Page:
A planned 18-month assignment at Sky turned into an effective life sentence, Fellet says, after he fell in love with New Zealand and finally found a company that didn't require savage restructuring to keep afloat.

"I always picked up companies at the bottom of the cliff - and [Sky] was at the top of the cliff."

With positive cashflows of more than $150m to December, 2012, and $1.94b in assets to only $788m in liabilities, Fellet has turned the company into a clifftop mansion. The company's balance sheet is underpinned by goodwill valued at $1.4b, and Fellet says it's not in any danger of impairment.

The company's auditors, who run the rule over goodwill every six months, haven't taken any notice of Henny Penny commentators and instead focus on fundamentals, he says.

"The auditors just look at subscription count - that's still increasing - and cashflow and profit, that's still increasing too."

The core of his business is still selling paid content on television screen. Prime - strategically useful in rights bids requiring some free-to-air broadcasting - is in a tough market, Fellet says.

"Prime was financially challenged when we bought it - in fact it was going into bankruptcy at the time. But Prime does OK now - and by OK , I mean it breaks even," he says.

Fellet concedes sharing overheads with Sky's numerous other channels helps its viability. "That's what keeps it alive."

And Fellet even claims to be happy with the modest launch of Igloo, a cut-price joint-venture with TVNZ.

Fellet compares the $25-a-month service, beset by delays, to a budget airline mopping up parts of the market unable to afford Sky's premium channels

Again like Prime, though, Igloo would have trouble if not backed by behemoths. "If you try to do it on a standalone basis it'd be kind of tough," he says.

The fragmentation of viewing habits - away from televisions in the lounge and towards mobile screen - is not something that overly concerns the Sky boss.

"Sky probably has not pushed as much on the additional devices as we have on making sure we have enough content for that first quality screen," he says. "But we're catching up."

Now 58, Fellet has told shareholders he wants to retire in the saddle. His two decades and counting tenure at Sky, including 13 as chief executive, is a rarity amongst listed company bosses who - through being head-hunted by rivals or decapitated by directors - tend to churn.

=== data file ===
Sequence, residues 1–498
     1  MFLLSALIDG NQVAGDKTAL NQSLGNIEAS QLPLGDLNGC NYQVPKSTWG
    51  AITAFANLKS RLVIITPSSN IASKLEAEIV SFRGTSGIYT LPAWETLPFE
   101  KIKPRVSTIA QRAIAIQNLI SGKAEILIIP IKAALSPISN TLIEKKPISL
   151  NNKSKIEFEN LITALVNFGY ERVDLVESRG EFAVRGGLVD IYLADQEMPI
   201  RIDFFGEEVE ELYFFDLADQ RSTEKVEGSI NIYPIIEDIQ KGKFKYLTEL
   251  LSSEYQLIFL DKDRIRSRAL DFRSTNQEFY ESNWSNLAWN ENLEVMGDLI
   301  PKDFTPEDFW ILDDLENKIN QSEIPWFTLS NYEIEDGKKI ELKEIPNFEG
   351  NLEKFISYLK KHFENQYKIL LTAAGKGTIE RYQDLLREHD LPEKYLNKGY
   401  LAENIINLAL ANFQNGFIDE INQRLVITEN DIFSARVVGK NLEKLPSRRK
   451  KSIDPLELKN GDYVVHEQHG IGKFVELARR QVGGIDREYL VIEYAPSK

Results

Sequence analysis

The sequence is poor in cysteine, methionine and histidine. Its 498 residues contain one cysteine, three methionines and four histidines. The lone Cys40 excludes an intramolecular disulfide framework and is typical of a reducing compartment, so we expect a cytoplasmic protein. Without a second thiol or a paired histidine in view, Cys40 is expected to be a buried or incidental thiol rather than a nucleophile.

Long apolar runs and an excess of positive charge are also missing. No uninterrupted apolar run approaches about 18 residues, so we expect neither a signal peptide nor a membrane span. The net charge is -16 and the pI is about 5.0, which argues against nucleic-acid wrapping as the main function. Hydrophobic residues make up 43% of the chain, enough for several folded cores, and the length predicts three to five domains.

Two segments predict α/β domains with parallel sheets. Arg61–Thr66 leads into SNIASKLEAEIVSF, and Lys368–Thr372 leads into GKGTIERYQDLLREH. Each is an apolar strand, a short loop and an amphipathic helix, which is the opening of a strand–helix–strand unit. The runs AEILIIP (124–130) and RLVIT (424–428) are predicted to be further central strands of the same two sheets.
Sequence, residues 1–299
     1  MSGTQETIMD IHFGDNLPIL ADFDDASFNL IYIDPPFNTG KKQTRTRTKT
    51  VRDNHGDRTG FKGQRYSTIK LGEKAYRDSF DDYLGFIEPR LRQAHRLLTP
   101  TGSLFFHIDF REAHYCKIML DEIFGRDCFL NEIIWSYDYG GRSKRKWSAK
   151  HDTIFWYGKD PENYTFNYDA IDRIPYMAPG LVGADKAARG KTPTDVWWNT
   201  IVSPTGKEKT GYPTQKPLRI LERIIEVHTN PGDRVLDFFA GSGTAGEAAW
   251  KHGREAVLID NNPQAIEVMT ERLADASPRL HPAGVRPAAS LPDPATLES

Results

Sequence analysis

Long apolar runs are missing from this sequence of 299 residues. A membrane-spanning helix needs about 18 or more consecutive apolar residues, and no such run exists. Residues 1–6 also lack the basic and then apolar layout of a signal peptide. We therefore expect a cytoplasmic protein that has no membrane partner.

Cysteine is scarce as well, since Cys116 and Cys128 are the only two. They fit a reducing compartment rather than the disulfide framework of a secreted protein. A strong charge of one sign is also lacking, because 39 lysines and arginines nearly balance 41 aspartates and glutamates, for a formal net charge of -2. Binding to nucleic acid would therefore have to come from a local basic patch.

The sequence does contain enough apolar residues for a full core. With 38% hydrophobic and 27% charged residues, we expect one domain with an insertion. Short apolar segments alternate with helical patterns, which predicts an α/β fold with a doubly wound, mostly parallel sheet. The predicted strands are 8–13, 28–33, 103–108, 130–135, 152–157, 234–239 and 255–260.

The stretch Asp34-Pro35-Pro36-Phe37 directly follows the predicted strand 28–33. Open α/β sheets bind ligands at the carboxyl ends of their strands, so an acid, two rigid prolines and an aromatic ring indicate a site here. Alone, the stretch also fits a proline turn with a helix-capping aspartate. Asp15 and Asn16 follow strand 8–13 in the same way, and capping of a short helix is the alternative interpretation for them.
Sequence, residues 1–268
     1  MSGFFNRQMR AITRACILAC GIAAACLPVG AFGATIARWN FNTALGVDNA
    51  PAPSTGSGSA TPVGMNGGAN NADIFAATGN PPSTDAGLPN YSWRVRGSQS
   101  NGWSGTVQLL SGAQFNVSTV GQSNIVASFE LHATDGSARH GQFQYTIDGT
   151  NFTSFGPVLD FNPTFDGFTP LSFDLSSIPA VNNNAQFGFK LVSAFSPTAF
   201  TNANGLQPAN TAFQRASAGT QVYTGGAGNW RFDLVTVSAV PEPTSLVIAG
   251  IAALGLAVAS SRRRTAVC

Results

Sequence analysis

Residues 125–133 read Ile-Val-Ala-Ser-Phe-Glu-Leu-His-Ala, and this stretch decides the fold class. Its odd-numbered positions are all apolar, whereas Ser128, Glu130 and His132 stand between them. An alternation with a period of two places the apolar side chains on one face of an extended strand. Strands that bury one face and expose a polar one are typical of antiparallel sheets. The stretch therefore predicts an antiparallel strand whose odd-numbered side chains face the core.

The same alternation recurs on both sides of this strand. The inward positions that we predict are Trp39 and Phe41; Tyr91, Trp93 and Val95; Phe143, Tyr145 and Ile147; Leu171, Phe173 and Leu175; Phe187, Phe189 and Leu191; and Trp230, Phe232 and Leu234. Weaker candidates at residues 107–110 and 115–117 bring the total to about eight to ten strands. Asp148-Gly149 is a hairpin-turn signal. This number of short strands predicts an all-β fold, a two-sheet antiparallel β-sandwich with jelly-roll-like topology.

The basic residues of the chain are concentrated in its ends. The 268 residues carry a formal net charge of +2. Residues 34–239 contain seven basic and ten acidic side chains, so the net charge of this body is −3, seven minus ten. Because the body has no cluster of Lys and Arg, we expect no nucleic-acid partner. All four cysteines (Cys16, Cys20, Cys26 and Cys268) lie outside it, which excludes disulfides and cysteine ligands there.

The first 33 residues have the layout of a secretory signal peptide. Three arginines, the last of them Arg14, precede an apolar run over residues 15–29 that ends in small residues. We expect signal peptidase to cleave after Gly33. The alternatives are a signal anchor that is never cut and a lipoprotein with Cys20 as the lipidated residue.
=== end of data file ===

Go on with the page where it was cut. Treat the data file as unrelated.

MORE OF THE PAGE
"I have gotten all sorts of offers over the years, in spite of my track record here," he says.

And it hasn't all been plain sailing. Over the past 12 months, shareholders Todd Communications and NewsCorp - between them owning 54.7 per cent of the company - have sold out.

Beside the 2012 Olympics over-commitment, which he freely admits responsibility for, Fellet has also learned to steer Sky well clear of managing sports codes and teams.

Before Twenty20 cricket made millions in India, Sky was the hothouse for a curious version of the game, developed by Martin Crowe, called Cricket Max.

"Back then we couldn't afford test cricket, couldn't afford the rights - we were too small," says Fellet.

Max quickly ran into opposition and competition from cricket associations - who supplied players - and the format dropped off the face of the earth.

Then Sky became part-owner of the seemingly cursed Football Kingz. It made sense to support the struggling team at the time, Fellet insists. "We thought: ‘This'll be a good thing. The fans will like us if we step up and keep them alive'."

Fellet quickly became aware that fanatical club supporters make excellent viewers, but vicious critics.

"After the first two losses I was getting hate mail from every soccer fan in New Zealand," he recalls. Sky's stake in the team was one of the first things Fellet disposed of when becoming chief executive.

He's kept his personal enthusiasm and commercial decisions separate ever since, dismissing talk of a channel showing his much-loved baseball as impossible.

"I'd love to have a baseball channel - but it'd only have four viewers, one of which would be me," he says.

He instead gets his baseball fix by coaching the Howick-Pakuranga team, winners of the last three national titles.

His firewalling of the personal and commercial doesn't stop his employees trying to exploit his quirks.

Fellet's love for John Wayne is obvious - a life-size cardboard cut-out of the "Duke" keeps him company in his office and quotes from Wayne's westerns are sprinkled on random walls around Sky's facility.

Fellet is wise to this being used against him: "I always know when we're coming up to executive remuneration season. The guy who runs movies always starts programming John Wayne films as his movie of the week - and he makes sure I know about it."

Sunday Star Times